Discovery of thermophilic corals in an ancient hydrothermal vent community, Devonian, Morocco

Zdzisław Bełka, Błażej Berkowski


Living corals are remarkably broad in their thermal and bathymetric ranges. But corals that could tolerate abnormally high temperatures (higher than 40°C) are unknown both in the living communities and in the fossil record. Here we report the discovery of small thermophilic rugose corals in the Devonian vent community of southeastern Morocco. These organisms were adapted to conditions prevailing within chimney conduits of a hydrothermal system that developed on the roof of a submarine volcanic high. The coral larvae followed a calice-in-calice settlement and growth strategy to survive the contact with thermal fluids. This adaptation was not related to taxonomy and characteristic of all coral taxa present in the vents. Monospecific coral population was identified in several Emsian vents whereas the coral fauna of the single Givetian vent was more diverse and included four species. The entry of different rugose coral species into the hot vents resulted from a trophic relation to ostracods flourishing in the chimneys.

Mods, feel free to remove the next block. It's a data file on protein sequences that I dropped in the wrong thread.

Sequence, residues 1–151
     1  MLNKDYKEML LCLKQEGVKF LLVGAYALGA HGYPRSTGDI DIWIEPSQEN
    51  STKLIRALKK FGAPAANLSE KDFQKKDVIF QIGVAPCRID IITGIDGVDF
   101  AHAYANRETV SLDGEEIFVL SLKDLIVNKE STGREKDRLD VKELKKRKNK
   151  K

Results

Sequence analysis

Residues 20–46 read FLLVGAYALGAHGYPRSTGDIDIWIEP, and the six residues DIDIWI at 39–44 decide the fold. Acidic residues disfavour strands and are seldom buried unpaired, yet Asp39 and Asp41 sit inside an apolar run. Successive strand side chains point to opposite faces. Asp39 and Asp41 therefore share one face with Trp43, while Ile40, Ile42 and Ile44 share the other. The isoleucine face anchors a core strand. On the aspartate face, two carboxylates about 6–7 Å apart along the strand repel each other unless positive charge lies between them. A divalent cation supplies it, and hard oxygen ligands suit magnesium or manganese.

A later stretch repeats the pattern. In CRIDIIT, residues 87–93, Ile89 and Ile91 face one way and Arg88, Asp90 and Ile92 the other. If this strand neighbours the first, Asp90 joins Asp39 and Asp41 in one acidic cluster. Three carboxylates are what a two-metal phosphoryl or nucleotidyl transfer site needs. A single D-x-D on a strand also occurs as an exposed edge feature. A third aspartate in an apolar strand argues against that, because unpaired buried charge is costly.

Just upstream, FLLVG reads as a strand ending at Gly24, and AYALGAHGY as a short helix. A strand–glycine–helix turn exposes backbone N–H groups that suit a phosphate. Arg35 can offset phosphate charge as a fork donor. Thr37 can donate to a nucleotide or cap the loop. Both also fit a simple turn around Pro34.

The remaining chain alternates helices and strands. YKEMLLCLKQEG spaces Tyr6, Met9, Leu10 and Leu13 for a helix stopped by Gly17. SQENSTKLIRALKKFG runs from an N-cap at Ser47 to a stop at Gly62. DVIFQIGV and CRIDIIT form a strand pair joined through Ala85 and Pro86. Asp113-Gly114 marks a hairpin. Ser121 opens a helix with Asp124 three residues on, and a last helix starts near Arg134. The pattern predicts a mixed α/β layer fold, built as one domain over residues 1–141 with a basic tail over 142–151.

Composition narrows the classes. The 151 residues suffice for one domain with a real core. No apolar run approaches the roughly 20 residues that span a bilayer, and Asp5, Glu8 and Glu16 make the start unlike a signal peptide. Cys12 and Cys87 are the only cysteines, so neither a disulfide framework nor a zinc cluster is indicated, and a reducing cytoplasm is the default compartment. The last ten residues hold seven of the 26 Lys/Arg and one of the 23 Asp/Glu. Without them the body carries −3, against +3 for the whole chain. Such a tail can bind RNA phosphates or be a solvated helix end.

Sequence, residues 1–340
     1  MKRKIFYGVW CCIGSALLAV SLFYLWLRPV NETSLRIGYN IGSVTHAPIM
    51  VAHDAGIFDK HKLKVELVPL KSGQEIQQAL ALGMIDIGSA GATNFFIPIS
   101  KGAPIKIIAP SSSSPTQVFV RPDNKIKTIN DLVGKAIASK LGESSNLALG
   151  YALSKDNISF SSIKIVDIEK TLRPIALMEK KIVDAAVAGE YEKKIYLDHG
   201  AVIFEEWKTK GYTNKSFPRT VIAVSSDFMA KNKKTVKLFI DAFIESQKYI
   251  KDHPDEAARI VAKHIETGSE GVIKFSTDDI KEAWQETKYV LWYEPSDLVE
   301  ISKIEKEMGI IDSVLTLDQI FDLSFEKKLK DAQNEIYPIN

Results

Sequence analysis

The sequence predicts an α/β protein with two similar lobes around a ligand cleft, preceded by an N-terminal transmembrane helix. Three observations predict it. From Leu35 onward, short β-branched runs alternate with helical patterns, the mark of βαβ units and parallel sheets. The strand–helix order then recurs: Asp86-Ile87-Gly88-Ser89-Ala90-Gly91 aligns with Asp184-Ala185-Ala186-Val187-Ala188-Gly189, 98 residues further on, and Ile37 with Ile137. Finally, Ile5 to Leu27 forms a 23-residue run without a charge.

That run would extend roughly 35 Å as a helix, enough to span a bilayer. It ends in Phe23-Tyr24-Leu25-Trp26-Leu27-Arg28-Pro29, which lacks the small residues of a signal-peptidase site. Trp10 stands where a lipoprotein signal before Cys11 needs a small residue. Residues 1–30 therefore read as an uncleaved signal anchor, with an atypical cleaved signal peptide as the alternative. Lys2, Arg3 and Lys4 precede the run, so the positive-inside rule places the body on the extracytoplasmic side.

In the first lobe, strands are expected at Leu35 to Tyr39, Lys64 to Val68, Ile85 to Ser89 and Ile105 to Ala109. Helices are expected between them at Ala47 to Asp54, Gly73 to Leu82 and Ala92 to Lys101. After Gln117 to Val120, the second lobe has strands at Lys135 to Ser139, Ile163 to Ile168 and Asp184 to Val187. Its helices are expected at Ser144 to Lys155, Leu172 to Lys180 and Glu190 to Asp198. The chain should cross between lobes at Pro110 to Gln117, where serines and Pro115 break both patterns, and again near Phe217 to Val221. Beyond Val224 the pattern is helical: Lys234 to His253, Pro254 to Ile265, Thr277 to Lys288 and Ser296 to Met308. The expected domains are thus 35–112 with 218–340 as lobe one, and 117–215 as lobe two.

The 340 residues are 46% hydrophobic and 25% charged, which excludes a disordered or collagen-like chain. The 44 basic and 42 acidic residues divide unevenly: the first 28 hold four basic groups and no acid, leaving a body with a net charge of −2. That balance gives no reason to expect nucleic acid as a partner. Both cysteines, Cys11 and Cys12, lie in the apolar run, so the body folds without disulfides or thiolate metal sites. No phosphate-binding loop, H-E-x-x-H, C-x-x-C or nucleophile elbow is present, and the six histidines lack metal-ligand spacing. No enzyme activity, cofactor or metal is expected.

Vent corals, Hydrothermal vents, Mud mounds, Devonian, Morocco

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